Charlie has finished her second week of the new speech therapy program today. The program is a good fit for us. I love it.
The commute to each session is a little under an hour. It sounds terrible but it isn’t. To make best use of the time and gas, I plan an activity that is on the way. So far, Charlie has been to the zoo, a book fair, the children’s museum, and the park before speech therapy. Sometimes, we stop for lunch or run errands. After each session, she naps on the way home.
Instead of feeling bad for me, the person I feel sorry for is the student therapist. Charlie is full of energy and curiosity. That is a nice way of saying she gets into everything without a moment’s rest. In addition, the student therapist is being observed and critiqued by her instructor via a video camera link up. The situation seems like it would be a lot of pressure.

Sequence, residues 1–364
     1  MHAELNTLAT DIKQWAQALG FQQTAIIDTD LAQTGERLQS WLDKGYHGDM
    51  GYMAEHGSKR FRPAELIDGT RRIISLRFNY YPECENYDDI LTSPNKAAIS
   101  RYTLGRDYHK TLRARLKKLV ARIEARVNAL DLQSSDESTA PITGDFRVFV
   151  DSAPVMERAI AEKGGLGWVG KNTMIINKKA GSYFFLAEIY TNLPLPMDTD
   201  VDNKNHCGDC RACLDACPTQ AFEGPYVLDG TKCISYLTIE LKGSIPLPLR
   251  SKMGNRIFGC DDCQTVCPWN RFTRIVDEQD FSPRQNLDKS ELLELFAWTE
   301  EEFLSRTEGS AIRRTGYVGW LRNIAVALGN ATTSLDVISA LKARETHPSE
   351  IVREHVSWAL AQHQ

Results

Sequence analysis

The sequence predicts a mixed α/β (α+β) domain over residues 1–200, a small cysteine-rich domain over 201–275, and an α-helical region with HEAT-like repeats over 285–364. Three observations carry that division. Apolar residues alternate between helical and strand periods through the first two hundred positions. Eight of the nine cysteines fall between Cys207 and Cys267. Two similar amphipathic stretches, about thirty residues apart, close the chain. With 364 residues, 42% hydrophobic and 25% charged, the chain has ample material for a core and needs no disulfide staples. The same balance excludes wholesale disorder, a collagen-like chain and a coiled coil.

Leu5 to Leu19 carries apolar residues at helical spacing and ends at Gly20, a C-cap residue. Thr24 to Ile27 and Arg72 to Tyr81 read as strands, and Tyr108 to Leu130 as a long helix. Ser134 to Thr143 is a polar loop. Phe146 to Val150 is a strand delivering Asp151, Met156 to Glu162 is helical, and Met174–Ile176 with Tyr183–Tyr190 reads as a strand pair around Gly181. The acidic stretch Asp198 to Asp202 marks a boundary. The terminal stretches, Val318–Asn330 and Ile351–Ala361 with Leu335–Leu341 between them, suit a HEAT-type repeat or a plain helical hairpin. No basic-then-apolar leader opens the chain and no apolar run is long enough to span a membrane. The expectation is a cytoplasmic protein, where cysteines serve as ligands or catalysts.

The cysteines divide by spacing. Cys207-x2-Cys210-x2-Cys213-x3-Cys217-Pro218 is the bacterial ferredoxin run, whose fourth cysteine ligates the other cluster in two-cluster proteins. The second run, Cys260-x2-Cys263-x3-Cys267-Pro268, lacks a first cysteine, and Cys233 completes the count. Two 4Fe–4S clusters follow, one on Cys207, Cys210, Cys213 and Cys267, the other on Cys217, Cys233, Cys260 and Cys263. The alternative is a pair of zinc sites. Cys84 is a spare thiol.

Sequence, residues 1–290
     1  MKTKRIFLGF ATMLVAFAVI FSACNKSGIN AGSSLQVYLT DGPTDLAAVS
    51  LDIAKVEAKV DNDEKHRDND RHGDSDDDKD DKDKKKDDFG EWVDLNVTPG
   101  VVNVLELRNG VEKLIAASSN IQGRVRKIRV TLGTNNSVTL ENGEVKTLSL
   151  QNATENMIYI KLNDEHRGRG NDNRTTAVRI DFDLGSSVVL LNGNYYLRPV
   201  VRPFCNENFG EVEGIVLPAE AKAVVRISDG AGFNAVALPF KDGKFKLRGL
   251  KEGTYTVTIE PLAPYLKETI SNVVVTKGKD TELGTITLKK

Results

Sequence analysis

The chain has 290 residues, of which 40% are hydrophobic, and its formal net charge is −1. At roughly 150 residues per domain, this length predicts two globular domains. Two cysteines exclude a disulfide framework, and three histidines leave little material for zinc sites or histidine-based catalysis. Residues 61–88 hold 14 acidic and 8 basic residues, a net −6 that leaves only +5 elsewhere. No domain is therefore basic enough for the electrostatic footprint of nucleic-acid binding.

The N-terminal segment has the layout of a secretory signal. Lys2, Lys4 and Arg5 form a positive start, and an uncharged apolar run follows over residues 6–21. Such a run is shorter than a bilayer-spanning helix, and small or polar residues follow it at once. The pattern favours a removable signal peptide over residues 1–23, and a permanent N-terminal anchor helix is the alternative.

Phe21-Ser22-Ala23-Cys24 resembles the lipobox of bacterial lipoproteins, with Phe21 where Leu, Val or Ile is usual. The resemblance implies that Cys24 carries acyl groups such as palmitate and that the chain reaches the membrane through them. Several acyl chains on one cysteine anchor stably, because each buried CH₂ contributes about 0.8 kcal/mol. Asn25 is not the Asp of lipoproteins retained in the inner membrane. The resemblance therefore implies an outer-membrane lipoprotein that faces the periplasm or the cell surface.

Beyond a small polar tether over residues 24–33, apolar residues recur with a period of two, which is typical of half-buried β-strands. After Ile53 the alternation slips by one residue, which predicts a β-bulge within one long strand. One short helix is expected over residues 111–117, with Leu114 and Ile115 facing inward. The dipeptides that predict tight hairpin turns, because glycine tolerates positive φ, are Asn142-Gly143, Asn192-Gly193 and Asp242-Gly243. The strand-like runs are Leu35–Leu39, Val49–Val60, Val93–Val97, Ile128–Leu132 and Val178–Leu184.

Nevertheless, the student rises to the challenge and does a great job with Charlie (and me). I don’t feel obligated to participate in the sessions (although, I do stay in the room for Charlie’s comfort). Yet, I’m not discouraged from providing input, asking questions, or helping. The student does an excellent job coaxing those elusive consonant sounds out of Charlie’s mouth and teaching her how to use PECS.
Lately, at home, I have noticed a difference in Charlie’s speech. She slows down and tries to say words instead of the usual limited babble or closed mouth sounds.
Tonight, at dinner, Charlie said, “Ball” (prior to this she used ba ba for anything beginning with ba). Yes, it was more gluttural than it should have been and it was obvious that it required great effort. But, she did it on her own volition. And to us, it was huge!